One person said that "the Shah Rukh Khan fell in love with the Kajol". Another insisted it was, "all about felling in love". Finally, three people were selected, including yours truly.
Finally, came a grammar test which I sailed through--presumably with flying colours.
It was late evening by the time I made it to the final interview.
The HR manager smelt a rat and asked why I wanted to work in a call centre after graduating from Shri Ram College of Commerce. "Why don't you go for an MBA or a CA?" she asked.
I told her a yarn about wanting to work in the industry of the year.
Industry of the year it may be but the HR manager didn't try to paint a rosy portrait.
"It can be very frustrating if for eight hours everyday, all you have to do is to answer the queries of irate customers. Continuing to be polite while the person on the other end may become abusive is pretty difficult," she warned.
Why was she trying to dissuade me from taking the job? Apparently, it would reflect poorly on her if I left after a month.
Since I was a newcomer and knew absolutely nothing about the call centre industry (or so she thought), she suggested I think over it and collect my offer letter the next day.
That seemed fine and my only question was about the salary. "You'll get Rs 9,000 gross along with Rs 3,000 as incentive and Rs 2,000 as loyalty bonus," she told me. "So the CTC (cost to company) would come to around Rs 14,000," I said. "Yes", she smiled "I am glad you know what CTC means."
Oops! Even the perfect murderer sometimes leaves behind a clue. I guess I gave away a hint that I wasn't as wet behind the ears as I seemed.
-- By Smita Tripathi
It's 10.00 a.m. on a chilly Sunday morning and I'm standing outside a nondescript DDA flat in south Delhi. There's no nameboard, but when I push open the front door, there's a guard who tells me to sign in the register and hand over two copies of my resume.
About 30 youngsters are already hanging about in the makeshift reception room. There's no sign yet of the interviewer who should have been here an hour ago.
For the interview I've basically wiped three years off my resume. I'm a 23-year-old again and I've just completed my post-graduation. My name is Joy Arjun (which I almost forgot when signing the register).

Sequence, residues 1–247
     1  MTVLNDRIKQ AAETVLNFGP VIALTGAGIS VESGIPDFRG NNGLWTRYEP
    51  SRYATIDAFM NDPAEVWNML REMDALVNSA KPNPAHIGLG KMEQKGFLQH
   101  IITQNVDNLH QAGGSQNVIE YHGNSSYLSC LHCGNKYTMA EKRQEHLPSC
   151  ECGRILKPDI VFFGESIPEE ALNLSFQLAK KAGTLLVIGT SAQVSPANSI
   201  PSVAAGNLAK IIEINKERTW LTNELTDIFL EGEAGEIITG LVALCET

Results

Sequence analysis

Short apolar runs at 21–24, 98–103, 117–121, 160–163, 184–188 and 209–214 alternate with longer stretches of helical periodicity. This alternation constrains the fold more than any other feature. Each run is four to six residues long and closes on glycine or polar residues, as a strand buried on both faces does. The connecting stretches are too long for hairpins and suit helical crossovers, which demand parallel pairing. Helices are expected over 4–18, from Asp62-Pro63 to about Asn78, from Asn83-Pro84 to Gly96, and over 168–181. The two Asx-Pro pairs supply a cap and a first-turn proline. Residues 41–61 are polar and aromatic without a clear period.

Sitting next to me is Hiren, a veteran of the game. He's been working at a call centre for the last three months but is looking out for something more lucrative. "There are always better options available in this industry, and it makes sense to keep looking," he says cheerfully.
Hiren, incidentally, will probably be joining ICICI Bank in the near future. But he offers me the benefit of his three-month experience: if I am thinking about call centres as a long-term option, I should look at technical care. That's better than customer care because there's more value addition.
It's 11.00 am when the star of the show, the HR manager, makes his appearance. He sits down and launches immediately into a glib, pre-rehearsed speech.
During World War I the British Army put up posters of Lord Kitchener proclaiming that, "Your country needs you". The HR manager today takes a slightly different approach to recruitment.
For the next 20 minutes he tells us a score of reasons why we shouldn't go anywhere near a call centre. He starts by telling us that "the position is basically that of a glorified telephone operator".
He then warns us that there will--among other things--be "a fair quota of racial abuse from irate customers which you'll have to tolerate smilingly because you represent the company".
Mr HR's speech omits nothing, painting a dark picture of late nights spent doing nothing but answering calls, with one 30-minute and two 15-minute breaks. There will be two days off a week but it won't necessarily be a Saturday and Sunday. Your social life will probably disappear, he says pleasantly.
Furthermore, says Mr HR, anyone selected will have to undergo a three-month accent-training course, and may be unceremoniously dumped after that. He also mentions that the BPO industry is people intensive so "most of you will probably take a very long time to move to a more prestigious position".
"Always remember," he adds cryptically, "that you will have to be better than you are because there are thousands of people out there who are better than you are."
This bad-cop routine is presumably meant to sift out waverers and it works; by the end of the speech the group's head count is down by three.
One candidate departs after being told that the company won't give exam leave. Another scuttles off after discovering that there won't be a shuttle service for people from Ghaziabad and Faridabad.
The first requirement in a call centre is people who can speak English with reasonable clarity. So, the first test--not an insurmountable one--consists of getting each person to talk.